In the past few years the term “dark social” has come into play, but just what is dark social – what does it mean, and why does it matter (if it does matter)? Here’s the low-down on dark social.
While most things associated with the Internet that have the term “dark” in them – such as “darknet” or “dark net” – refer to below-the-radar, shadowy, or even sinister, activity on the Internet, the term ‘dark social’ basically means ‘stuff that is shared directly, rather than through measurable social media channels’ (which is in a sense below-the-radar, but not sinister – in fact, we consider it privacy protecting).
So, for example, if you want to share this article with someone, instead of using the Twitter or Facebook or other social media buttons on the left or at the end of this article, you would copy the link to this article, and then paste it into an email or text message which you would then send directly to the person with whom you want to share it.
The term ‘dark social’ was first used in 2012, in an article in The Atlantic, specifically to mean the sharing of content (such as the link) in a way that cannot be measured by analytics. To use this article as a simple example, again, if you share this article using the Facebook share button to your left, it will increment the share count by one.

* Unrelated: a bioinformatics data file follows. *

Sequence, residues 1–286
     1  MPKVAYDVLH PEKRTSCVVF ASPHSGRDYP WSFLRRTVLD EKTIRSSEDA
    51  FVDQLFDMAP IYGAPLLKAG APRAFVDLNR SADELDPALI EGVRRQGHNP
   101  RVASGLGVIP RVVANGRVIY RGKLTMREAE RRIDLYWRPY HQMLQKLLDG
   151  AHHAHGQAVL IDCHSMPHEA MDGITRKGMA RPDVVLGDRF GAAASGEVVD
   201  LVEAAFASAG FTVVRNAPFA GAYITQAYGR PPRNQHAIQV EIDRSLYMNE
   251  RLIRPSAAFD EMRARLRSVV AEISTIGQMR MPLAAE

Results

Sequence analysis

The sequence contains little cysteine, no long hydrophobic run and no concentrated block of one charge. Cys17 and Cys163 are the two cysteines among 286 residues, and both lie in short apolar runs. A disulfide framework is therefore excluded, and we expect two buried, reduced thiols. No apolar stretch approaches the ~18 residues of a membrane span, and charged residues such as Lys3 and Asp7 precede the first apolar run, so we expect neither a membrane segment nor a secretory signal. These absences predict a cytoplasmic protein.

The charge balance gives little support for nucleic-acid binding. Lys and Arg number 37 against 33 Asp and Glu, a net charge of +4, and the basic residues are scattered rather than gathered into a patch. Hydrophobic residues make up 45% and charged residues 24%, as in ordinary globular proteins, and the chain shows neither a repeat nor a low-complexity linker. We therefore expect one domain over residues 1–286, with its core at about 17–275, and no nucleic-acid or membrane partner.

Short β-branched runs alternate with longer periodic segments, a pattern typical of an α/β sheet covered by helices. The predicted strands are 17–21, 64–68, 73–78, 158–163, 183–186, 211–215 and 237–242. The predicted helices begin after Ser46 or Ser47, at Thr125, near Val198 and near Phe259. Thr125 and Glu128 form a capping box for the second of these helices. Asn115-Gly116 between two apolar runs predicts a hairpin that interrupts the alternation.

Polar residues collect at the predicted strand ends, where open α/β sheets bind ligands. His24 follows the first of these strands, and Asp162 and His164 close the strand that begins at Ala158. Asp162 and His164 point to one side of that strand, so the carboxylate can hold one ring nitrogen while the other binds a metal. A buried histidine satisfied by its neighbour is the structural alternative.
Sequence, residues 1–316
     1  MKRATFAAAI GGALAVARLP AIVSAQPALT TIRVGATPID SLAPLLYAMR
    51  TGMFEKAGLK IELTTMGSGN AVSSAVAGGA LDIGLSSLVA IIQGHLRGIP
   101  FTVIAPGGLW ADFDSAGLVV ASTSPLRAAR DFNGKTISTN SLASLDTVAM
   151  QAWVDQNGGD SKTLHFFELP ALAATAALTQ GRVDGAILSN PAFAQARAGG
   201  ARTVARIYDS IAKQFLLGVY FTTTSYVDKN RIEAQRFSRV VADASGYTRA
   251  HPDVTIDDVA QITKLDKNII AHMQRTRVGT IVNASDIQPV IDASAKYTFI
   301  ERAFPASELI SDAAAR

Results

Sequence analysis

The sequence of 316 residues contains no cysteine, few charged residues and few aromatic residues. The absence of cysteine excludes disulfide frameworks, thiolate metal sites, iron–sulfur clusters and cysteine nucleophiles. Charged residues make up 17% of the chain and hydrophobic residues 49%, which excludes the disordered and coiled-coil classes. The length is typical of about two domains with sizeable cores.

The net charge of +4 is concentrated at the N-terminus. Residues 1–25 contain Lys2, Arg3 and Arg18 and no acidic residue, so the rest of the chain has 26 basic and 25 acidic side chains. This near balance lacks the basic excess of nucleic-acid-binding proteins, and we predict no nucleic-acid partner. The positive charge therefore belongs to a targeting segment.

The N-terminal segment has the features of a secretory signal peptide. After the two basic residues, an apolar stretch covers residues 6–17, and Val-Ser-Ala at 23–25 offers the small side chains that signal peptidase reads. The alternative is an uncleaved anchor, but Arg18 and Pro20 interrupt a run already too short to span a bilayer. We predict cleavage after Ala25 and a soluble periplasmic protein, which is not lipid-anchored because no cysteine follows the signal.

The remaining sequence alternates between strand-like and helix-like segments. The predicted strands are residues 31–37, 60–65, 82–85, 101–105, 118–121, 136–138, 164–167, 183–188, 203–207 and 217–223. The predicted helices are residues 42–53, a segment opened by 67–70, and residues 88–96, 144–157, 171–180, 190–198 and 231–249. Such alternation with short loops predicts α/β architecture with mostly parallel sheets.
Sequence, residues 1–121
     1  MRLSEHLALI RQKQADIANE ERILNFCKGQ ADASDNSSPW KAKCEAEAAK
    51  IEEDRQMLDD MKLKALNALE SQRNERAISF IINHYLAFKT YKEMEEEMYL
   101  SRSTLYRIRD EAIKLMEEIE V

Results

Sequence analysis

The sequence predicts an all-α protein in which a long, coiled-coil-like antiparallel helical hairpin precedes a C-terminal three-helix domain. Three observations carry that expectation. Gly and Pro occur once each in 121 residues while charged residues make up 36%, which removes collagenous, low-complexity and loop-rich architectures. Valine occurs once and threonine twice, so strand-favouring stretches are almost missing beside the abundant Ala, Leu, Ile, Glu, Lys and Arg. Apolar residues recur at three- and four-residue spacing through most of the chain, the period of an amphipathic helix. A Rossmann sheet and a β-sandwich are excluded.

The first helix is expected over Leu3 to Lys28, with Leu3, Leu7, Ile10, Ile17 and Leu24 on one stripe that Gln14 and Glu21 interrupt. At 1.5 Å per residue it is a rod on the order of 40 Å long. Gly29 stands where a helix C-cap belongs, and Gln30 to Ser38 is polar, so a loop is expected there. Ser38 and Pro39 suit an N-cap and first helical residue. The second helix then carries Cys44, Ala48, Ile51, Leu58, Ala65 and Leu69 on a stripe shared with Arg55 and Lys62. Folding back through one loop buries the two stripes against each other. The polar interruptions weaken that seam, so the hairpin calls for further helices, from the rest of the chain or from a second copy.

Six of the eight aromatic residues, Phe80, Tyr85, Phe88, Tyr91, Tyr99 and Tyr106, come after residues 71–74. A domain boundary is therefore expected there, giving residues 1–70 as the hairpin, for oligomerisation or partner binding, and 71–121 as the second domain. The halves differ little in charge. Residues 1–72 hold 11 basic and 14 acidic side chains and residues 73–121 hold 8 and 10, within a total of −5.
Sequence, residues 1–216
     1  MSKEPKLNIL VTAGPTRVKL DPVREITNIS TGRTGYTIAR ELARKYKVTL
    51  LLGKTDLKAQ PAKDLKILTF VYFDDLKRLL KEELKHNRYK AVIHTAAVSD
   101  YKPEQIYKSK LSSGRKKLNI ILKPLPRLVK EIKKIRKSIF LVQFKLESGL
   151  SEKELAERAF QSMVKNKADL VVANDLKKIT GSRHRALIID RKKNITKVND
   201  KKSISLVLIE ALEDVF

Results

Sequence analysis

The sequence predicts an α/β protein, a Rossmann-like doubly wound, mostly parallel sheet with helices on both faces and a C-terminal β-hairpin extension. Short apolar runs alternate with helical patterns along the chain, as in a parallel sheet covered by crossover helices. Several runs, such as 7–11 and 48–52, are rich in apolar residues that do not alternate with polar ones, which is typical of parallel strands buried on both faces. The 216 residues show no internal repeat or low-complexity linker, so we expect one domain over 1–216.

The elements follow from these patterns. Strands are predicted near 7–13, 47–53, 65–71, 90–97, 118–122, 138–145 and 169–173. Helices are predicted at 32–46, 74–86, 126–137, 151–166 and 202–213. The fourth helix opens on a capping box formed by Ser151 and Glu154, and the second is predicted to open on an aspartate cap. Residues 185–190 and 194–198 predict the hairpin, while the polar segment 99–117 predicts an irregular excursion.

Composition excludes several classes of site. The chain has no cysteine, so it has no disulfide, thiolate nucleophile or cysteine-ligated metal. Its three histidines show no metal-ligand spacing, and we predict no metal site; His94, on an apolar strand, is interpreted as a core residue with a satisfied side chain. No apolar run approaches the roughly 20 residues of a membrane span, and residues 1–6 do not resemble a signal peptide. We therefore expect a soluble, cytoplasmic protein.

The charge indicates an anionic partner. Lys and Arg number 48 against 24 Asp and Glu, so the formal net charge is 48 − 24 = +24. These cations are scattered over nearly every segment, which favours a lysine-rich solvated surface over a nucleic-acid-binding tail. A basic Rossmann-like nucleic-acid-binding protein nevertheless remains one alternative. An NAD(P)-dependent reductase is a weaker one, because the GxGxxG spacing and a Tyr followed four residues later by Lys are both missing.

On the other hand, if you copy and paste the link into an email to your friend, the Facebook share count will not be incremented, and we won’t know that you’ve shared it. And frankly, we don’t care, but a lot of companies spend and earn a lot of money tracking exactly this sort of social sharing. So when you employ “dark social” sharing, sharing directly rather than through a social media sharing button, you are thwarting their using your share data for their analytics.
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And we think that there’s nothing wrong with that.
But there’s the thing: marketers and others who rely on those analytics sometimes talk about dark social as if you are doing something wrong to engage in it rather than letting them count your shares. An article on Hootsuite paints a scenario of emailing a link to a friend and then observes “Congratulations, you’ve just engaged in a “dark social” act.” How sinister does that sound?
Even if not intended to make you ‘wrong’ for sharing via dark social, make no mistake – the marketers are taking notice.
Says a recent article in MediaPost, “According to a recent Radium One study, 59% of all online sharing is via dark social. Further, a whopping 91% of Americans regularly share information via dark social methods. This study also showed that 72% of sharing is simply users copying and pasting long URLs and either e-mailing or texting the information.”
So, now you know what dark social is, so you can chortle maniacally to yourself whenever you hit ‘send’ on an email or text message in which you are sharing a link.